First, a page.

Toni Marie Ricci got the surpise of her life when she found out she was married to a mobster. Michael 'Mikey Scars' DiLeonardo wooed her in, but forgot to metion that he was a Gambino capo working for John Gotti, Jr. After discovering that her husband had an illegitimate child with his mistress, Toni Marie did not get mad - instead, she got even - by testifying against her ex-husband at his trial. Toni Marie was recently on the hit show, I Married a Mobster, which features a different woman each episode, who shares her story about the rise and fall of their marraige. We chat with Toni Marie about her reasons for doing the show, what she's up to now, and the importance of advocating for women who have suffered abuse.
What made you want to do the show?
Originally, I always wanted to write a book about my story. My ex-husband originally brought out the story of what he did to me in open court. I actually wanted my story to be told on my end and I got an offer to go on the Mob Wives show, but I decided to put that aside. I didn't want the fighting or any of that so I looked into Kevin Kaufman's show, which I had seen last season, and I thought it was more on the level of what I was looking to do, as far as telling my story, being alone with no interruptions, so that's what I decided to do. I went with Kevin Kaufman and it was just the time and place to get my story out there without having to hear it one-sided (from my ex-husband).
Has doing the show been therapeautic?
It actually has been. Doing it was a little nerve-wracking, but when it was over and done with, and when I saw it - I happened to just see it for the first time the night of the premiere - I was very pleased with it. Kevin Kaufman did a great job and I did feel a very big relief. A big burden was lifted off my shoulders; it was something that I needed to do.
Can you tell me a bit about the book you are working on?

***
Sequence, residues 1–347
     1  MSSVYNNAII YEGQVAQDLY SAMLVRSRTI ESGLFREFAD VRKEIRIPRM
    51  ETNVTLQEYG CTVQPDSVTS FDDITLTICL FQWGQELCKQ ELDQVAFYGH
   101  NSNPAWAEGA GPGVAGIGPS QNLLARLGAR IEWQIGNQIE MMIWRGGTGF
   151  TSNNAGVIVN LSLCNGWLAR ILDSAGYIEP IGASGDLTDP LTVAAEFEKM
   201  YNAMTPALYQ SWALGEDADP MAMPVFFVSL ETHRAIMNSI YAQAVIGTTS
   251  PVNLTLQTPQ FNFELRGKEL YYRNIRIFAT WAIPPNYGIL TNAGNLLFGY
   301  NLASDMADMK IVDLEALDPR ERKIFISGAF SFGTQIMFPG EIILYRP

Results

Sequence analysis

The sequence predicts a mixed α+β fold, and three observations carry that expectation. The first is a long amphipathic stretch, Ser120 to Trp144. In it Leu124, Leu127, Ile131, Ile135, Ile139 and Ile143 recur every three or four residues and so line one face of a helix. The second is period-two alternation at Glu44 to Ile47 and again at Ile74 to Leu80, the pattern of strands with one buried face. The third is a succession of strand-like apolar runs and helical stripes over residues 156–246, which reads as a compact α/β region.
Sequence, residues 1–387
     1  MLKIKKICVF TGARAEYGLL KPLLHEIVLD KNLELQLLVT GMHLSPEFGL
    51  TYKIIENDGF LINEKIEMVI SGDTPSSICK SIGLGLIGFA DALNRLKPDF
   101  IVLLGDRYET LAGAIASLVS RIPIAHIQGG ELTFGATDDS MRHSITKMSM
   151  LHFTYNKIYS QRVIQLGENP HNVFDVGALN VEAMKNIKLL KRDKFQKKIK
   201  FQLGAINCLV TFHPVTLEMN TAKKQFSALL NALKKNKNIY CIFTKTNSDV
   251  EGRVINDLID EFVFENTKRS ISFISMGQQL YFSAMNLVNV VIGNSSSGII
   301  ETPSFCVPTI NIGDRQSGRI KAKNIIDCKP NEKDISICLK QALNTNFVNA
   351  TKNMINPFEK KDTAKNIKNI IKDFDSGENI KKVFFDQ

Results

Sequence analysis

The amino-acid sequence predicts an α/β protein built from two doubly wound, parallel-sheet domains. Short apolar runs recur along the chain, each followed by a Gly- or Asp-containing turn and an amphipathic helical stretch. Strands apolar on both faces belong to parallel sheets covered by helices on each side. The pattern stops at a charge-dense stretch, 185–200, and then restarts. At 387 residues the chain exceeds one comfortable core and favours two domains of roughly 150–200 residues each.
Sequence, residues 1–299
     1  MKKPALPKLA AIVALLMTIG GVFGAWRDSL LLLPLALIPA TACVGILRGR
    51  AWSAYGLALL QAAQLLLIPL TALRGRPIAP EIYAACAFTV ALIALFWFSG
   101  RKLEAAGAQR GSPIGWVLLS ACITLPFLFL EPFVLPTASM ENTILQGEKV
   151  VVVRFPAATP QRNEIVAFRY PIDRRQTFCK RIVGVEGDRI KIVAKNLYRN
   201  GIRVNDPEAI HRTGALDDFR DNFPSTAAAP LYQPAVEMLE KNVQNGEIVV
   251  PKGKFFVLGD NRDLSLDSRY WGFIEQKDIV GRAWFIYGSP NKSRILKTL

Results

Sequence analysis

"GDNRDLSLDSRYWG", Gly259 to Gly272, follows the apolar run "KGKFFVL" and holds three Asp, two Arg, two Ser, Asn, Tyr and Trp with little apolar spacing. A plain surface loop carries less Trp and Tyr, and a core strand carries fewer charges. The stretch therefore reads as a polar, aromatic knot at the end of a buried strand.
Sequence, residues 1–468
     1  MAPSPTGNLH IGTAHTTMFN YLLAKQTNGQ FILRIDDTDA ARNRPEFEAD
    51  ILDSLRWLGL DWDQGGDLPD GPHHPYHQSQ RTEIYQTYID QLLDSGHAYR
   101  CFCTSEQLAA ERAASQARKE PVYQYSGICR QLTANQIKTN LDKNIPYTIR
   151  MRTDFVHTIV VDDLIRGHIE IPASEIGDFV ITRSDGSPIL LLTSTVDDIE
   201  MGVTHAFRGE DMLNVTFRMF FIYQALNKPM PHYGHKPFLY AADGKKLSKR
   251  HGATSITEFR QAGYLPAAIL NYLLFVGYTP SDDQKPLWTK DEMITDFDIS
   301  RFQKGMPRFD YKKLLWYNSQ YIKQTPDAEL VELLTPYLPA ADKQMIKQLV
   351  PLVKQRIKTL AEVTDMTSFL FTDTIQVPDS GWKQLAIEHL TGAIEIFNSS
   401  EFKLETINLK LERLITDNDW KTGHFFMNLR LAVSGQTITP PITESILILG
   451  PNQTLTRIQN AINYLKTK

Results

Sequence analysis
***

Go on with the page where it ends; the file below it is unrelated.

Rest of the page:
I was looking to do a book about my story and I also wanted to incorporate some cooking recipes. In my family, we've been cooking for years and I learned a lot of good recipes coming from a big Italian family and I enjoy cooking. Cooking was also therapeautic for me during times when I was upset or depressed. So I wanted to do a book about my life and incorporate a cookbook with it also.
Do you have any favorite recipes that will be in the book?
Oh gosh. Yeah, I have plenty. One of them is Sunday Sauce, which we used to call gravy, some people still call it gravy, with all the meatballs and stuff like that. That's one of my favorites. Pretty much every Sunday that's what we cook, we get together, either by house or my mom's or another family member, we always stick together on Sundays.
Do you cook every day?
Pretty much. On a Saturday I might not cook or my husband will take me out to dinner, but pretty much during the week I just cook. I enjoy it.
I'm a terrible cook.
You know what, most of my dishes are really quick - they're fast and they're easy. It's really not complicated. So that's what I'm going to try to incorporate - in this day and age women have to work. It's not easy coming home after work and have to cook for their children and make a big meal. So if I can spread the word with some quick recipes that are delicious, then I'm all for it.
When does your book come out?
We're working on that. I don't have a set date right now, so I can't give you an exact date, but hopefully soon!
You really advocate for women who have suffered abuse. Is that a cause close to your heart?